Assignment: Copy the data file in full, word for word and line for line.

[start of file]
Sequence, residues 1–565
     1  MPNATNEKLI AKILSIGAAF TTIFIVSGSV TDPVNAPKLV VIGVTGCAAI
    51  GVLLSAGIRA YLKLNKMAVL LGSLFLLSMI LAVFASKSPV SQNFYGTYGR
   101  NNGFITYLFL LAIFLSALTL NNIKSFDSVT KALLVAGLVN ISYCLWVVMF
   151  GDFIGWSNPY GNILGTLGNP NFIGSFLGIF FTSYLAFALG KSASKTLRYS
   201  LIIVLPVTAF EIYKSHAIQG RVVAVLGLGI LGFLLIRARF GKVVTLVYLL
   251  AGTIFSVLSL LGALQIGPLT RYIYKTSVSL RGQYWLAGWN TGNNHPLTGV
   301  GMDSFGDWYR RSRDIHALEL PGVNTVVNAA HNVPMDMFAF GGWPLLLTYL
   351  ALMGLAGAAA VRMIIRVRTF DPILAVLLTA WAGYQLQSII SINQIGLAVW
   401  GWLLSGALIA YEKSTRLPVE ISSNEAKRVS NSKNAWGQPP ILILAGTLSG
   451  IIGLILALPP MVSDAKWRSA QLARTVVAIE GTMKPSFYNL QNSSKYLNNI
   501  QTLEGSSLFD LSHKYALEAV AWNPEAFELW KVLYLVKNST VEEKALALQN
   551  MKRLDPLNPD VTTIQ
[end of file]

Sequence, residues 1–565
     1  MPNATNEKLI AKILSIGAAF TTIFIVSGSV TDPVNAPKLV VIGVTGCAAI
    51  GVLLSAGIRA YLKLNKMAVL LGSLFLLSMI LAVFASKSPV SQNFYGTYGR
   101  NNGFITYLFL LAIFLSALTL NNIKSFDSVT KALLVAGLVN ISYCLWVVMF
   151  GDFIGWSNPY GNILGTLGNP NFIGSFLGIF FTSYLAFALG KSASKTLRYS
   201  LIIVLPVTAF EIYKSHAIQG RVVAVLGLGI LGFLLIRARF GKVVTLVYLL
   251  AGTIFSVLSL LGALQIGPLT RYIYKTSVSL RGQYWLAGWN TGNNHPLTGV
   301  GMDSFGDWYR RSRDIHALEL PGVNTVVNAA HNVPMDMFAF GGWPLLLTYL
   351  ALMGLAGAAA VRMIIRVRTF DPILAVLLTA WAGYQLQSII SINQIGLAVW
   401  GWLLSGALIA YEKSTRLPVE ISSNEAKRVS NSKNAWGQPP ILILAGTLSG
   451  IIGLILALPP MVSDAKWRSA QLARTVVAIE GTMKPSFYNL QNSSKYLNNI
   501  QTLEGSSLFD LSHKYALEAV AWNPEAFELW KVLYLVKNST VEEKALALQN
   551  MKRLDPLNPD VTTIQ